Papers of Previous Regimes<sup>1</sup>

A.G. Noorani


Published in print January 2006 | ISBN: 9780195678291
Published online October 2012 | e-ISBN: 9780199080588 | DOI:
Papers of Previous Regimes1

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This chapter attempts to understand if a minister can call for and examine the papers of the previous governments. In India, there have been judicial censures on tamperings with official documents. From a legal standpoint, official records are property of the Union or the State, and thus can be used only for the purposes of the Union or the State for clear 'public purpose' and not for partisan ends. Hence, no government has a right to dig up old records and publish them for their own interests. In Britain, there is a convention, which has also received judicial recognition, that, the ministers of one government are not entitled to examine the Cabinet documents of their predecessors. However, this is not the case in India. The Supreme Court ruled in 1969 that a successor of a ministry can consider any glaring charges and may order on inquiry or else corrupt conduct of ministers will remain beyond scrutiny. This obviously cannot be done without going into the records of its predecessors. The minister, however, is not free to call for just any file; there must be clear public purpose behind the demand for a file.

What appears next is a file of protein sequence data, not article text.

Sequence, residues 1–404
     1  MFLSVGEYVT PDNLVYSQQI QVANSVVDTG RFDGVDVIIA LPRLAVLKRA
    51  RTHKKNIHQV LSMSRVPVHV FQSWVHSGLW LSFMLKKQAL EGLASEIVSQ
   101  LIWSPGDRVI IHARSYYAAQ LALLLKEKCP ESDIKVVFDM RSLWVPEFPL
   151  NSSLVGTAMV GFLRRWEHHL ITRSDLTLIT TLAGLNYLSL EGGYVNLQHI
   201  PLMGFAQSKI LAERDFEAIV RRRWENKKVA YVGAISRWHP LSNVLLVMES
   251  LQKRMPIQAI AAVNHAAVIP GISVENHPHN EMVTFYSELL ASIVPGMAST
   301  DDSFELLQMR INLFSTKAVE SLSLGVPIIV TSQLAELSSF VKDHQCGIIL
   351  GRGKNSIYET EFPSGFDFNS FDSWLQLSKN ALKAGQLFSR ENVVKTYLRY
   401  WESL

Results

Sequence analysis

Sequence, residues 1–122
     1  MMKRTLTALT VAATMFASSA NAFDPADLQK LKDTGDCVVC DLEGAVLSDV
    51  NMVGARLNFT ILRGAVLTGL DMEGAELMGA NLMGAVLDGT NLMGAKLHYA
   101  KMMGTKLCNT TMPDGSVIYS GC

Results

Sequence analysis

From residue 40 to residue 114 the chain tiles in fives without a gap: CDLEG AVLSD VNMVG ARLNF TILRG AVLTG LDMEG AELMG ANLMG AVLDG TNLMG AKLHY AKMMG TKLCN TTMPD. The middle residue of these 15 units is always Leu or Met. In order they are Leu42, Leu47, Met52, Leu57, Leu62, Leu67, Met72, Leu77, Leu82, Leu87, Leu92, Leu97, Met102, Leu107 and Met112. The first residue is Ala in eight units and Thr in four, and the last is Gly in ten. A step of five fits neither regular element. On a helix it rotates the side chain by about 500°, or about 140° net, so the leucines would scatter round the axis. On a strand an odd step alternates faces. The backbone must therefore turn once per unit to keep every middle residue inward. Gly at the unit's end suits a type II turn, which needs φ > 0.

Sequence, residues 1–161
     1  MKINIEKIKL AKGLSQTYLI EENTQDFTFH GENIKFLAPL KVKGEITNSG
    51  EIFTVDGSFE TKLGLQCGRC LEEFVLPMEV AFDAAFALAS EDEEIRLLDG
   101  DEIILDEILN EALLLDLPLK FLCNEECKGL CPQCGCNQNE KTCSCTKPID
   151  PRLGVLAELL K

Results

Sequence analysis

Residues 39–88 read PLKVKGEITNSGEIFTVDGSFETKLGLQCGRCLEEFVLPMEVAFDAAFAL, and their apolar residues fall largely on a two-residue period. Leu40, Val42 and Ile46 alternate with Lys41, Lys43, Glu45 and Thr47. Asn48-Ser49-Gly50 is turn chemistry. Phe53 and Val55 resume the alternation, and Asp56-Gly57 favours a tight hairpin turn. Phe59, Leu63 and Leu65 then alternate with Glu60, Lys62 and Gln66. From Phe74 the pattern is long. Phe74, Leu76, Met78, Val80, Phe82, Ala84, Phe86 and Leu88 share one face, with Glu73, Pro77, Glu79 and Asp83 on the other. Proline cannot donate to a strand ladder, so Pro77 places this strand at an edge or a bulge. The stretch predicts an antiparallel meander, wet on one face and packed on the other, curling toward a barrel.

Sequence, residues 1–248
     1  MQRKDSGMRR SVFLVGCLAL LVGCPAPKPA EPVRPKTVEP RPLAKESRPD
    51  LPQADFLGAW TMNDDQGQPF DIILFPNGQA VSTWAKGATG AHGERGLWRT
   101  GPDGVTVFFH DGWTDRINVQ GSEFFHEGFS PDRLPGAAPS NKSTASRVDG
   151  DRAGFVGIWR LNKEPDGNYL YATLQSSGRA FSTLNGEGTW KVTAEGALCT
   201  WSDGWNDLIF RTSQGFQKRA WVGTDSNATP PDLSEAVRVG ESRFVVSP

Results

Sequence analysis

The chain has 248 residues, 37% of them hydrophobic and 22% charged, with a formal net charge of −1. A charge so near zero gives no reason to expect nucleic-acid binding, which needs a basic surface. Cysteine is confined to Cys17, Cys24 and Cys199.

Keywords: ministers; civil servants; official documents; India; Cabinet documents; Public purpose

Chapter.  1890 words. 

Subjects: Constitutional and Administrative Law

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